LEXINGTON, Ky. – Horse breeders are facing what may be the most devastating reproductive disaster in recent industry history.
As of May 14, 442 aborted equine fetuses and stillborn foals have been submitted to the University of Kentucky Livestock Disease Diagnostic Center since April 28. At least 18 breeds have been affected, but 70 percent of the total loss in Kentucky has been Thoroughbreds.
Although central Kentucky farms are at the epicenter of the foal loss crisis, losses have also been recorded in Ohio, Pennsylvania, Indiana and Illinois.
The cause of the mare reproductive loss syndrome has not yet been determined, but research shows a possible link to fescue mycotoxins.
Reports show the syndrome could have a $150 million impact on Kentucky’s economy. Many mares are having late-term abortions and cannot be bred for another 120 days.
“The problem has been devastating. It appears to be pasture related and not contagious,” said Rusty Ford, Kentucky Department of Agriculture’s equine program manager. “The mycotoxin theory is so far the most defined conclusion. We have ruled out any viral agent. It’s definitely an environmental issue.”
Horse owners are reporting two problems. One problem is a significant amount of late-term abortions and foals being born weak. Ninety percent of the affected foals born alive will die within days.
Symptoms in mares include nonproduction of milk, difficulty giving birth, and stillborn fetuses.
Another problem is an increased number of mares determined to be pregnant at about 40 days, but then experiencing early fetal loss. Affected mares seem normal during manual pregnancy examinations, but during ultrasound tests an abnormal fluid is seen around the fetus.
More than one-third of this season’s foals have been aborted in Kentucky.
“This problem involves many breeds and farms,” said David Powell, disease researcher with the University of Kentucky’s Maxwell Gluck Equine Research Center.
“The problem does not appear to be contagious – that is, spread by one horse coming into contact with another horse.”
After noticing problems with his clients’ foaling mares, Richard Novak, a veterinarian in Novelty, Ohio, attended the Late Term Abortions and Early Fetal Loss Information Session May 10 in Lexington, Ky.
Novak said the late, wet summer, severe winter, and warm spring days coupled with cold, frosty nights allowed a mold to grow on the pasture.
“At the meeting we were told information could change hourly because they’re (researchers) are working around the clock running tests,” said Novak. “The researchers I met at the meeting were obviously stressed and hadn’t slept more than two hours a night for a week.”
Novak said mycotoxin binders seem to be the only answer to battle the foal loss syndrome. The supplements bind mycotoxins in the animal’s digestive tract, preventing those toxins from being absorbed.
“Keeping the horses out of pasture is not the answer. It comes down to 30 cents a day to feed the supplement to neutralize the toxin,” said Novak. “It was reported at the meeting, that within two days of availability, every broodmare in Kentucky was getting this supplement. Feed companies are having a hard time keeping it in stock.”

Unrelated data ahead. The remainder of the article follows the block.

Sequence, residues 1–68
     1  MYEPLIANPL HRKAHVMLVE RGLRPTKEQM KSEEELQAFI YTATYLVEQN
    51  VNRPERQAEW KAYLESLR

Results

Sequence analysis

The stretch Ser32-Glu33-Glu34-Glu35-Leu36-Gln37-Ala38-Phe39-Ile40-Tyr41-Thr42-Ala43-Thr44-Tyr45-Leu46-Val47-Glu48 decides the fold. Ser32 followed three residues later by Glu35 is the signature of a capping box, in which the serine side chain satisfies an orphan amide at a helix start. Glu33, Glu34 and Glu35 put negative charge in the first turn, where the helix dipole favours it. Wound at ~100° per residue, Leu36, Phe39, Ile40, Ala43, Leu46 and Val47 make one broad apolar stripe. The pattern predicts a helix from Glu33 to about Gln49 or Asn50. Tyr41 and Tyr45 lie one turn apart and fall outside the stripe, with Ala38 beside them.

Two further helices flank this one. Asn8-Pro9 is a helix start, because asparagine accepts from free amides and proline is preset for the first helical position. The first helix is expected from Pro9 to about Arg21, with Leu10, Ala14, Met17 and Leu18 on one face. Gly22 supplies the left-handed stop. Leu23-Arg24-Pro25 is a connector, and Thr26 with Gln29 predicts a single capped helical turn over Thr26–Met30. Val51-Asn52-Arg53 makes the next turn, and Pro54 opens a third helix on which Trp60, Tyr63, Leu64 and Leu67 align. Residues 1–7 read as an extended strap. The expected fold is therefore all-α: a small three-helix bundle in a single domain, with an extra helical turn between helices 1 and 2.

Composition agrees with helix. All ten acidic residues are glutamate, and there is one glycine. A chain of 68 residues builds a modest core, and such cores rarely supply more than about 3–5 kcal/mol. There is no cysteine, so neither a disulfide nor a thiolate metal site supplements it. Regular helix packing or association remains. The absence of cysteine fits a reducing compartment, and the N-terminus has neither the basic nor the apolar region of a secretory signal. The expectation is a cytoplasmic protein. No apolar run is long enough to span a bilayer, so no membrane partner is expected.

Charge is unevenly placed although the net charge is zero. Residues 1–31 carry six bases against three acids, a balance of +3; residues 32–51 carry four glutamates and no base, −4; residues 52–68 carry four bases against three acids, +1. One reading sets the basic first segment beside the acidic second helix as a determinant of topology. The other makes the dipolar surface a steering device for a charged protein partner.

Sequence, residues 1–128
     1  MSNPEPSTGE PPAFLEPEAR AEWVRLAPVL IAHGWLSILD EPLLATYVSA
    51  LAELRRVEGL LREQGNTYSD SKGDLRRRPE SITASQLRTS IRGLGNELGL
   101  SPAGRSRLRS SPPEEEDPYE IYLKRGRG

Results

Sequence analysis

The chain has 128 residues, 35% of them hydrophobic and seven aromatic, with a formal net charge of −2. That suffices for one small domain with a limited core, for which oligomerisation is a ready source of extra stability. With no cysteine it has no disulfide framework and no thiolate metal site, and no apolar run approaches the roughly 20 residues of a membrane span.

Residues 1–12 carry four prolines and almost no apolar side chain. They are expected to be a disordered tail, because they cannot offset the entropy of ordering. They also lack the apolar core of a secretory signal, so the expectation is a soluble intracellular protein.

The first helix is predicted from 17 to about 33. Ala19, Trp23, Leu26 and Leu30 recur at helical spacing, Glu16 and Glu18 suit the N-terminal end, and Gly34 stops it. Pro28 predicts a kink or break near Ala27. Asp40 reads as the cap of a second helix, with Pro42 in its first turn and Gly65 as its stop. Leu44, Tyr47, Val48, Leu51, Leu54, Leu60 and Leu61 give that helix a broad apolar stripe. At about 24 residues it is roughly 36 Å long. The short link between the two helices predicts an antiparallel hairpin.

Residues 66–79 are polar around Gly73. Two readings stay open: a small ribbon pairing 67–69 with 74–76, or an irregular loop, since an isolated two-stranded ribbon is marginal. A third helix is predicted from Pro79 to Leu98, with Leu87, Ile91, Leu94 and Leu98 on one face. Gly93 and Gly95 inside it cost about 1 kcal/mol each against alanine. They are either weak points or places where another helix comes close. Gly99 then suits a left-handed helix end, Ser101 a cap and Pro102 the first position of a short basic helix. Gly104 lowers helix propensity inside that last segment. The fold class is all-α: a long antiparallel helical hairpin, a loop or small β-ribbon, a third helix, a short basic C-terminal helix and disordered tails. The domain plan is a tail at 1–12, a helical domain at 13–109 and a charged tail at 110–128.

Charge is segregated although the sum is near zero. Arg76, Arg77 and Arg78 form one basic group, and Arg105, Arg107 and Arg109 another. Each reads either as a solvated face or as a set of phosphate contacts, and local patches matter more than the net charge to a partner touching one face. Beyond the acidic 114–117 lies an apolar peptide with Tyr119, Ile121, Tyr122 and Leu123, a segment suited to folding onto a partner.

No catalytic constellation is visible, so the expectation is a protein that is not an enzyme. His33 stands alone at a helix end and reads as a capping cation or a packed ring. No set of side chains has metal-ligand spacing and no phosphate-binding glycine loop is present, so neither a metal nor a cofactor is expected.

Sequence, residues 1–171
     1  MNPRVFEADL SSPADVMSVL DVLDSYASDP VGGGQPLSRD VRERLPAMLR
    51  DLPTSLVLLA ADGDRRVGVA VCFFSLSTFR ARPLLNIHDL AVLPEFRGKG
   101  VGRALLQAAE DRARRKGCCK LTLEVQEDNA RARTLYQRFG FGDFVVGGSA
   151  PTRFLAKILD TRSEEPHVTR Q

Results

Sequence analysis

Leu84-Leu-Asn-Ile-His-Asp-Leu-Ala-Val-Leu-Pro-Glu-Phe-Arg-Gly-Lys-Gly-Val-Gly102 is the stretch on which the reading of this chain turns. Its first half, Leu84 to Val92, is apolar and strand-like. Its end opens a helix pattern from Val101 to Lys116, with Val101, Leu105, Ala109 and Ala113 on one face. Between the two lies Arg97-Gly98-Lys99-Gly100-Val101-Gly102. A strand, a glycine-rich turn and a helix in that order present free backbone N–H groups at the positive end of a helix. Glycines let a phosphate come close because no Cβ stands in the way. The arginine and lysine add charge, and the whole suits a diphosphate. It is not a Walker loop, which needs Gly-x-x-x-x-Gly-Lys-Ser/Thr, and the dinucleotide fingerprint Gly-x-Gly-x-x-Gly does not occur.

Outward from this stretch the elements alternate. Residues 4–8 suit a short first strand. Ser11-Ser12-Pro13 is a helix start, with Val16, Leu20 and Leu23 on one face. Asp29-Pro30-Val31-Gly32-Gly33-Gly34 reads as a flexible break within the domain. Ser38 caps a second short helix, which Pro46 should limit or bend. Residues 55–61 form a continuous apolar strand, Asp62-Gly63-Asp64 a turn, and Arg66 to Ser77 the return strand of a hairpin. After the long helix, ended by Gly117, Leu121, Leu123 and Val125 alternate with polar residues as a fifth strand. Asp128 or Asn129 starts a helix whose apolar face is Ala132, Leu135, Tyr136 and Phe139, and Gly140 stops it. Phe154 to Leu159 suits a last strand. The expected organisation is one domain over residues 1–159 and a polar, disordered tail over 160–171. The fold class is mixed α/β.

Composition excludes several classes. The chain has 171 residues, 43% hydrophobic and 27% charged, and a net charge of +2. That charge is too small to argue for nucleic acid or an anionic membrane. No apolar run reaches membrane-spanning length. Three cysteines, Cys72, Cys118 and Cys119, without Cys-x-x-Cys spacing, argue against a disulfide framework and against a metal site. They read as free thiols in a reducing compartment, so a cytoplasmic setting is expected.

Novak has seen three farms in Ohio and western Pennsylvania with disastrous problems. One Pennsylvania farm lost all 16 of its foals.
There have also been reports of foal loss in Morgan, Highland and Gallia counties in Ohio. Veterinarians are reporting an abnormal number of red bag abortions in ponies, Standardbreds and Quarter Horses.
Modroo Farms in Chagrin Falls, Ohio, lost two foals this season.
“After we lost the first foal, our vet sent tissue to a lab to rule out any normal viruses and the results did show high levels of fescue toxicity,” said Mary Hardy. “We put the remaining mares on Domperidone (a medication used to counteract the problems associated with fescue toxicosis) and they foaled without any problems.”
The Ohio Department of Agriculture’s Animal Disease Diagnostic Laboratory reports no increase of early fetal abortions from last year.
“Last year to this date we had 21 fetuses submitted for examination. From January 2001 to now, we have had 17. We are aware and alert to the situation in Kentucky, but so far have not seen an increase,” said lab spokesman Sheila Grimes.
Similar loss in ’81.
Novak said a similar incidence of foal loss happened in 1981.
“In 1981, we lost an abnormal number of foals. There are definite parallels. Researchers are going to study the environmental history to see if the two problems could be related,” said Novak.
Horse owners are encouraged to report late-term abortions or similar problems. Veterinarians are being advised to consider ultrasounding mares at 60-65 days of gestation. If the mare aborts, fetal tissue and a serum sample should be submitted to the UK Livestock Disease Diagnostic Center.
For information contact the UK Livestock Disease Diagnostic Center, 1429 Newtown Pike, Lexington, KY 40511-3186 or call Bob Coleman at 859-257-9451. Information is also available on the University of Kentucky’s College of Agriculture Web site: www.ca.uky.edu.
(Reporter Annie Santoro can be reached at 1-800-837-3419, ext. 22, or email@example.com.)